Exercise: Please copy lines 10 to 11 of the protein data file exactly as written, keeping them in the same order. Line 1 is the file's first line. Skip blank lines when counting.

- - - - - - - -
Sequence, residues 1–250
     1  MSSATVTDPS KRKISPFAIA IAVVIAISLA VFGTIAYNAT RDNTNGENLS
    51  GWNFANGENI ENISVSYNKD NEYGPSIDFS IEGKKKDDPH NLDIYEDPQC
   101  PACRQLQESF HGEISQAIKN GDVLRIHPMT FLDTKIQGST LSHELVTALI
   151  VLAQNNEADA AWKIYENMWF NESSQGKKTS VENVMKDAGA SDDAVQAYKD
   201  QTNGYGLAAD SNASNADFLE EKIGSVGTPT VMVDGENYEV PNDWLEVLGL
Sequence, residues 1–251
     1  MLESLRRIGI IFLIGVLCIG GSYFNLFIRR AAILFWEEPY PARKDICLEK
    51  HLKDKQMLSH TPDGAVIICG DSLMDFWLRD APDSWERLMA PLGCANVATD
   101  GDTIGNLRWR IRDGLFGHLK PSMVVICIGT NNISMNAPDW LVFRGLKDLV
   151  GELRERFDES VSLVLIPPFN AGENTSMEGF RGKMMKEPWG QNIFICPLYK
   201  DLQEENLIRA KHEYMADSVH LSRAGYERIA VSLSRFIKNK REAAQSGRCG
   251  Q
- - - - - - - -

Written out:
   101  GDTIGNLRWR IRDGLFGHLK PSMVVICIGT NNISMNAPDW LVFRGLKDLV
   151  GELRERFDES VSLVLIPPFN AGENTSMEGF RGKMMKEPWG QNIFICPLYK